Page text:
In the meantime, US policymakers continue to print money as fast as possible thinking they can solve a commodity problem (oil) with monetary and fiscal hijinx. It cannot be done. Officials have high sounding debates about whether or not the biggest threat is inflation or deflation. Who cares. The biggest threat is America's reliance on foreign oil. It's the oil stupid. The U.S. imported 357,000,000 barrels of oil in September, 2009 sending $24,700,000,000 overseas. This continues…month after month, year after year. By God, when are US policymakers going to do something about this?
America is in serious trouble. Following George Bush, who I believe was the worst President in US history, we quite likely have a candidate for the 2nd worst President in Barack Obama. Bush was obviously tied at the hip to oil power and led us into the wrong-headed war in Iraq. While getting his hands on oil reserves might seem strategically logical for a country dependent on it, it took millions of barrels of oil off the market at precisely the same time that Chinese oil demand was skyrocketing. The result, in addition to supply demand problems, was an additional geopolitical risk premium being added to each barrel of oil and wah-lah! We have $145/barrel oil and record oil company profits.Too bad the rest of the American economy had to pay the price.
Bush's only attempt at energy "policy" was the idiotic ethanol mandates (mostly made from corn) while simultaneously slapping fees on imported Brazilian ethanol which is made more sanely from sugar cane. The ethanol mandates only exacerbated the country's inflation problem by causing massive dislocations in the food chain. Enter Obama and Energy Secretary Chu. Both are in love with the oxymoronic myth of "clean coal" and neither has done anything to reduce foreign oil imports. Obama has never uttered the words "natural gas transportation" and Energy Secretary Chu should give back his Nobel prize after famously being quoted as saying he is "agnostic" about natural gas transportation. How on Earth can the US solve its energy and economic problems when the two most important energy policy decision makers are "agnostic" about natural gas but are in love with the myth of "clean coal"? …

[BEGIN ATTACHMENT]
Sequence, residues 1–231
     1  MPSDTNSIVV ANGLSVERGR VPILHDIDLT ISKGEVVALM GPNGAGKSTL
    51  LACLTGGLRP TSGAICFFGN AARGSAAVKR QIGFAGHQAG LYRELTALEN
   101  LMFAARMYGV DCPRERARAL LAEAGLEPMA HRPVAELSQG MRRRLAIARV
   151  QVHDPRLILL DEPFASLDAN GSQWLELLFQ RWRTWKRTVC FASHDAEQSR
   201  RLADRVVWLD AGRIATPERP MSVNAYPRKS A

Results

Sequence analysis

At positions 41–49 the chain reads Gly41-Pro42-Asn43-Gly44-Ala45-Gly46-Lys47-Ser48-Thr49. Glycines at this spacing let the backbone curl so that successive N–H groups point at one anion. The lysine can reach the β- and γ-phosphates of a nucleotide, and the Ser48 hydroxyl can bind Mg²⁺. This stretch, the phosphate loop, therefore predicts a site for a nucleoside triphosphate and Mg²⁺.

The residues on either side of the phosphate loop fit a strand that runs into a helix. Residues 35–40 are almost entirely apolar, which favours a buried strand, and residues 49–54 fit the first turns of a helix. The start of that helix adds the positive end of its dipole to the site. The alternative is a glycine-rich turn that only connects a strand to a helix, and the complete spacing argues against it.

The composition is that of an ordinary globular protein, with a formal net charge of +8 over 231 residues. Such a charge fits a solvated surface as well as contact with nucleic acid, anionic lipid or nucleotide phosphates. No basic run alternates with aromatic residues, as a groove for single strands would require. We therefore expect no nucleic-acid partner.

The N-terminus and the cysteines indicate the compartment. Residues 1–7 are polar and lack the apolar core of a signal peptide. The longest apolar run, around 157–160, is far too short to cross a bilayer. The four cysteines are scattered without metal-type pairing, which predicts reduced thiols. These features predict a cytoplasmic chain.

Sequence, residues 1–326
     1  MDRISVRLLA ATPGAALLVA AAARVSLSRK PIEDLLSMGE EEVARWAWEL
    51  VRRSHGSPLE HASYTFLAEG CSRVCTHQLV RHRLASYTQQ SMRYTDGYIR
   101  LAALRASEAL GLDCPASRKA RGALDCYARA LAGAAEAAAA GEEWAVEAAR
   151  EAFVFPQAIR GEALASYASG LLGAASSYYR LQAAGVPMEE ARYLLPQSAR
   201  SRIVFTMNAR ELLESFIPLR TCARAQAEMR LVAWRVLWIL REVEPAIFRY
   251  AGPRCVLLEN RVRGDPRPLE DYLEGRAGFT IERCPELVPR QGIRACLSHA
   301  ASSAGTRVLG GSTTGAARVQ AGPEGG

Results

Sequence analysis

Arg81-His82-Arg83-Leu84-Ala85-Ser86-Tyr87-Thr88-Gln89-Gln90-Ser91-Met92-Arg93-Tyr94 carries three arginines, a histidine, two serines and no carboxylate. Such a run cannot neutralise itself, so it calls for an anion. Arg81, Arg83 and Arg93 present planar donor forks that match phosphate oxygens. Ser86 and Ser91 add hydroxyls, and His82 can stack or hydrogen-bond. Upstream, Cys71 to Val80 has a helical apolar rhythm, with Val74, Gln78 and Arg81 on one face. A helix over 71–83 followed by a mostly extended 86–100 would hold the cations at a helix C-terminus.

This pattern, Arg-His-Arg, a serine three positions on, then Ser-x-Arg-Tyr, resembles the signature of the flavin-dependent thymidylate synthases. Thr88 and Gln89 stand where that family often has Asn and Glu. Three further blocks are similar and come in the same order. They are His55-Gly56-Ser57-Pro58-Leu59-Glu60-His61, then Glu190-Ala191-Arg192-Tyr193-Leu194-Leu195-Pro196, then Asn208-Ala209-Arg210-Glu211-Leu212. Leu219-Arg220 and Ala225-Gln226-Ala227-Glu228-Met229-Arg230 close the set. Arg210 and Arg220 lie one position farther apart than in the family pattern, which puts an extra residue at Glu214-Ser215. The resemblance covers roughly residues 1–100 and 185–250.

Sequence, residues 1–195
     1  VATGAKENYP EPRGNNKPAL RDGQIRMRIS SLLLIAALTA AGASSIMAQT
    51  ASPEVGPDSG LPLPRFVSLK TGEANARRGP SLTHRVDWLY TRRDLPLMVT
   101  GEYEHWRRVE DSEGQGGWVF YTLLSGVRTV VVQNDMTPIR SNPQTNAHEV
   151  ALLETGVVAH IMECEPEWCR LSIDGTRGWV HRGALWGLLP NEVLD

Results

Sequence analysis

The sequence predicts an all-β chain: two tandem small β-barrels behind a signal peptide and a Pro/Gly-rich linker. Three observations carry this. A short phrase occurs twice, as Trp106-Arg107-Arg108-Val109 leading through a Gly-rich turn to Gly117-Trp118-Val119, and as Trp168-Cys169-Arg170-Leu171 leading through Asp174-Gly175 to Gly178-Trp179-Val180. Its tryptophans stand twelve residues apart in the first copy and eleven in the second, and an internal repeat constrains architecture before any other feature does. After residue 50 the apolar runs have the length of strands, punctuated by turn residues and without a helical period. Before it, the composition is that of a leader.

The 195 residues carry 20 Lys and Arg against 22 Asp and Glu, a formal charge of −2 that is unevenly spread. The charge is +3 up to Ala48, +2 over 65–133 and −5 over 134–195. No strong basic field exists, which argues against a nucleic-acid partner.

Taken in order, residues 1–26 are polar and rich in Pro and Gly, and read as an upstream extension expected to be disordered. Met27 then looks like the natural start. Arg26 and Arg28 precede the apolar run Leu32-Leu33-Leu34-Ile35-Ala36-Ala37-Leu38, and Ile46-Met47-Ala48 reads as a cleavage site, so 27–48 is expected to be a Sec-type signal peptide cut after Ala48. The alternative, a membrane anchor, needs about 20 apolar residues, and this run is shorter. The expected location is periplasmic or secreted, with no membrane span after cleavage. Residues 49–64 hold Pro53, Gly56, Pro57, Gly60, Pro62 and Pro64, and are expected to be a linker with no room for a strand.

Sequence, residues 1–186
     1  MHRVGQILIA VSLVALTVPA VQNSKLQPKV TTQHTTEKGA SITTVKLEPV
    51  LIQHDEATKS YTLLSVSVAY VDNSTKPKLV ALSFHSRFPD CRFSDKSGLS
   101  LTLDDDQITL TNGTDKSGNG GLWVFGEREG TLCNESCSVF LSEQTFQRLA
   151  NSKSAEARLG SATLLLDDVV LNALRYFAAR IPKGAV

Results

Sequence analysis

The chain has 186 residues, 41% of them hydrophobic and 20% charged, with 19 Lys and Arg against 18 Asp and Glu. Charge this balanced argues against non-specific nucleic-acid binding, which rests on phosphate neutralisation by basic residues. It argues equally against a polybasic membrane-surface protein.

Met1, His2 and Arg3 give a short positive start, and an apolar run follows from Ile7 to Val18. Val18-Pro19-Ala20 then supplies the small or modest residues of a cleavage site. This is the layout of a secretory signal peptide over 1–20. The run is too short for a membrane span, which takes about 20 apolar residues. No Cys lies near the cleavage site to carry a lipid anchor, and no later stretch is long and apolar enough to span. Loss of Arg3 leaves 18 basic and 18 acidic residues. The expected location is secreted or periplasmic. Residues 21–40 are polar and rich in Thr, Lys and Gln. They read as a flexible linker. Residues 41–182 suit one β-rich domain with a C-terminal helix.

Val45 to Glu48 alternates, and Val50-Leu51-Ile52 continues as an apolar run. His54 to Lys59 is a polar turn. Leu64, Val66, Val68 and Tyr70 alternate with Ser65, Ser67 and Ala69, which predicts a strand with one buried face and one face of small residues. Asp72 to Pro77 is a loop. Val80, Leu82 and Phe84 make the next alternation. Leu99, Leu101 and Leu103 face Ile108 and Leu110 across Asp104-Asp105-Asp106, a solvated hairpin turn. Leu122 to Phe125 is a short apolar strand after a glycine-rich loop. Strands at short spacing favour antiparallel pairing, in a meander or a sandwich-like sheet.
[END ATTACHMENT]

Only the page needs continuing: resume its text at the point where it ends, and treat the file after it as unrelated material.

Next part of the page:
What can Americans do to protect themselves from the foreign oil crisis and a government that has declared war on its citizens and is intent on devaluing the dollar? Buy gold and silver bullion. Buy oil stocks such as Petrobras (PBR), Exxon Mobile (XOM), ConocoPhilips (COP), Chevron (CVX), BP, and StatOil (STO). The foreign oil companies are paying good dividends and can provide more upside due to US dollar weakness. Good luck with your investing, and if you care, contact your local Congressman or Congresswoman and implore them to support the Natural Gas Act and that you want them to adopt and support strong natural gas transportation policies. Otherwise, the American oil crisis will continue to push gold higher and higher. So hold on to your gold and don't sell it until you see the US adopt natural gas transportation. If that day ever comes, sell your gold because the US economy will thrive, inflation will fall, and balanced budgets will be possible. Natural gas transportation could usher in an era of unfettered economic prosperity that few people today can even imagine.